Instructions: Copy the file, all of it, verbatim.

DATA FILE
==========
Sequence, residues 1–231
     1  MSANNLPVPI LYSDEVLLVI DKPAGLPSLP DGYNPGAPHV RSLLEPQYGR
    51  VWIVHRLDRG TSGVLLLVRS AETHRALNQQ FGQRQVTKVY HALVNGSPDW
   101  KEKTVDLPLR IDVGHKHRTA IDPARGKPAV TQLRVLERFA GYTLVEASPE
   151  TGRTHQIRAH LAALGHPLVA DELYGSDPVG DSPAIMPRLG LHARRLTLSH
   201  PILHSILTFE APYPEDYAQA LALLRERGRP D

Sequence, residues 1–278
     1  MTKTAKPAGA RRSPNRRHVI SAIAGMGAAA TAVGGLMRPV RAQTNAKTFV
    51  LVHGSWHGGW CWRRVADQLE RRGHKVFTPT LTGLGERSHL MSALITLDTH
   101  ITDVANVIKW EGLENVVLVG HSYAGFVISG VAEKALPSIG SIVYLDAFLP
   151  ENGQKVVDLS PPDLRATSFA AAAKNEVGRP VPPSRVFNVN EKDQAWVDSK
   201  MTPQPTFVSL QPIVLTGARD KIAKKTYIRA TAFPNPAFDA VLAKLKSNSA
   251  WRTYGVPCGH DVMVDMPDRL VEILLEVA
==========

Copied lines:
Sequence, residues 1–231
     1  MSANNLPVPI LYSDEVLLVI DKPAGLPSLP DGYNPGAPHV RSLLEPQYGR
    51  VWIVHRLDRG TSGVLLLVRS AETHRALNQQ FGQRQVTKVY HALVNGSPDW
   101  KEKTVDLPLR IDVGHKHRTA IDPARGKPAV TQLRVLERFA GYTLVEASPE
   151  TGRTHQIRAH LAALGHPLVA DELYGSDPVG DSPAIMPRLG LHARRLTLSH
   201  PILHSILTFE APYPEDYAQA LALLRERGRP D

Sequence, residues 1–278
     1  MTKTAKPAGA RRSPNRRHVI SAIAGMGAAA TAVGGLMRPV RAQTNAKTFV
    51  LVHGSWHGGW CWRRVADQLE RRGHKVFTPT LTGLGERSHL MSALITLDTH
   101  ITDVANVIKW EGLENVVLVG HSYAGFVISG VAEKALPSIG SIVYLDAFLP
   151  ENGQKVVDLS PPDLRATSFA AAAKNEVGRP VPPSRVFNVN EKDQAWVDSK
   201  MTPQPTFVSL QPIVLTGARD KIAKKTYIRA TAFPNPAFDA VLAKLKSNSA
   251  WRTYGVPCGH DVMVDMPDRL VEILLEVA